Club One of my top five favourite places on Earth (and I don't make that claim lightly) has a web site. The Krazy House was for a long time the only Rock Club in the centre of Liverpool. The first time I visited was on my birthday getting on for five years ago - and there was a Halloween ball (yes - my birthday is the 31st October - and I've heard any jokes you may have). This was pre-Buffy - so the room was filled with girl with red horns and forks and old-style vampires. Oh and a curious looking Darth Vader. I fell for the place - stepping into there from Liverpool City Centre was literally like entering a new world.

Time and behaviour in this club is strangely at right-angles with the rest of reality. One night, one of the last times I went with my friend Chris, my drink addled mind had been in conversation with one of the regulars. From nowhere I asked her if she'd ever had her palm read. She says no - and that she has always wanted to see her future. So I take her hand...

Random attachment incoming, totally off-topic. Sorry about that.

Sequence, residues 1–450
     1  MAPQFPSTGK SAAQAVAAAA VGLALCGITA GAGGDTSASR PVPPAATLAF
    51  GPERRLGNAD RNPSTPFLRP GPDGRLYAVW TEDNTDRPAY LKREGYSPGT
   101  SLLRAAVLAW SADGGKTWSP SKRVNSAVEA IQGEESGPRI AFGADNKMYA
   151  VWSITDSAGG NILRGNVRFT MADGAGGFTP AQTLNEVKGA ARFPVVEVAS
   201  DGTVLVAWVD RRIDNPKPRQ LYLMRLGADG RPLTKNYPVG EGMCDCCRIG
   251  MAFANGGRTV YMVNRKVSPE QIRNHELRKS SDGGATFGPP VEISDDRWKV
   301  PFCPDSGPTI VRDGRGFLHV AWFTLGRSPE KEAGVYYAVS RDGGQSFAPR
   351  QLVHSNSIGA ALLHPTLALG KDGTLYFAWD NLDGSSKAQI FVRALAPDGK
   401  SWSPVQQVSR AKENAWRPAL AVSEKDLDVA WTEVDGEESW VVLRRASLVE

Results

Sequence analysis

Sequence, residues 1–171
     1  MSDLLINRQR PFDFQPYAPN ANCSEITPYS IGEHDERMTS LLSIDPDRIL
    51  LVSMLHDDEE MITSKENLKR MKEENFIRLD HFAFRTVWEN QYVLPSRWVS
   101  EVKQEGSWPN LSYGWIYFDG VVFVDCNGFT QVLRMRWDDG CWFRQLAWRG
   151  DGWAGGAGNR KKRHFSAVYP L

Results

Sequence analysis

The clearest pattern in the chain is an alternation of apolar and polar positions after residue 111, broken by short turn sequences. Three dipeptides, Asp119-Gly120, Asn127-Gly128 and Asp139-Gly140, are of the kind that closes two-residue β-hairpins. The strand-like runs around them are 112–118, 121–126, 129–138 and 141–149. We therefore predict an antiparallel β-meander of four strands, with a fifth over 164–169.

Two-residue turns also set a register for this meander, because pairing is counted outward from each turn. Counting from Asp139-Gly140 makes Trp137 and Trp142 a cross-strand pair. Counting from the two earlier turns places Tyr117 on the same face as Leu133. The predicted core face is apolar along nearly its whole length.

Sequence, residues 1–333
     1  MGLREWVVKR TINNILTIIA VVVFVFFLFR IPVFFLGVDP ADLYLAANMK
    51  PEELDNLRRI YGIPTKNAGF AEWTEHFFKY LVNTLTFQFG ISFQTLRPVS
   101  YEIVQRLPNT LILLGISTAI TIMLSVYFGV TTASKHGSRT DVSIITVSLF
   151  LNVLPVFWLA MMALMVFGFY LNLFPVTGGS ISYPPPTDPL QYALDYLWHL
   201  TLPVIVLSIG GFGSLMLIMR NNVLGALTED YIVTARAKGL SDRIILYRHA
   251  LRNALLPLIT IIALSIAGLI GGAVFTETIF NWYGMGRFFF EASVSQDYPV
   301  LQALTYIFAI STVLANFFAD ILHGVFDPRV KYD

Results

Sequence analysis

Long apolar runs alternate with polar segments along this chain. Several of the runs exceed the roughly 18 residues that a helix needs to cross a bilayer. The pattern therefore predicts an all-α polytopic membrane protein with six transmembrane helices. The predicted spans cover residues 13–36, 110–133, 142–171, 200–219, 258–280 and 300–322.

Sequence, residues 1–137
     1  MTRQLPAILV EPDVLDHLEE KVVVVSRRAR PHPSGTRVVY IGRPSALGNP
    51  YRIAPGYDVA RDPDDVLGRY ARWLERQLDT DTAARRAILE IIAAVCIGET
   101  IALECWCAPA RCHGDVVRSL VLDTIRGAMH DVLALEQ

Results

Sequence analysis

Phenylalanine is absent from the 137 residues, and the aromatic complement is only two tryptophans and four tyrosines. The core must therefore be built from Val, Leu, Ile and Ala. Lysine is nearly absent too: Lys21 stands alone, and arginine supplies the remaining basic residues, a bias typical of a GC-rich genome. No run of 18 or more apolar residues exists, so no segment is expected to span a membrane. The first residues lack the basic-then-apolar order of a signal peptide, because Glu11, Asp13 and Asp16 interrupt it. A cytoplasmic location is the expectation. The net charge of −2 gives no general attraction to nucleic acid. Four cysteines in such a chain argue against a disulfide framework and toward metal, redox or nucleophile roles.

[I should step out of this story for a moment and say I don't know anything about palm reading - nothing could be spookier could it]

...and realising my predicament, and realising I'll have to say something, the improvisational actor in me began to talk about the lines of the hand signifying this and that. I didn't actually say anything she might not have thought and now and then she'd ask me whether 'things would improve' and I just told, generally upbeat, positive things. Her usually sullen goth face for five minutes after was so cheerful I thought I'd ruined her.

Time passes. It's the following week. I'm there again, fighting at the bar for a drink and suddenly a hand is thrust in front of me. This time I'm not drunk and I'm in an episode of the old game 'Scruples' - do I tell the truth? Well no. So I told this second girl (friend of the first) the exact same things - she too goes away happy. Ten minutes later another hand (friend of the second). Then give it twenty and another. And this goes on all night. Each time I tell the same upbeat tale of a possible future - and at no point do they call me on it.

This tells me two things - there are some things girls don't talk to each other about, and that if you're going to do something like this at least have a reason. Believe be when I say that my inability to monopolise the situation I've makes me unremittingly nice, or unbelievably stupid. Or both.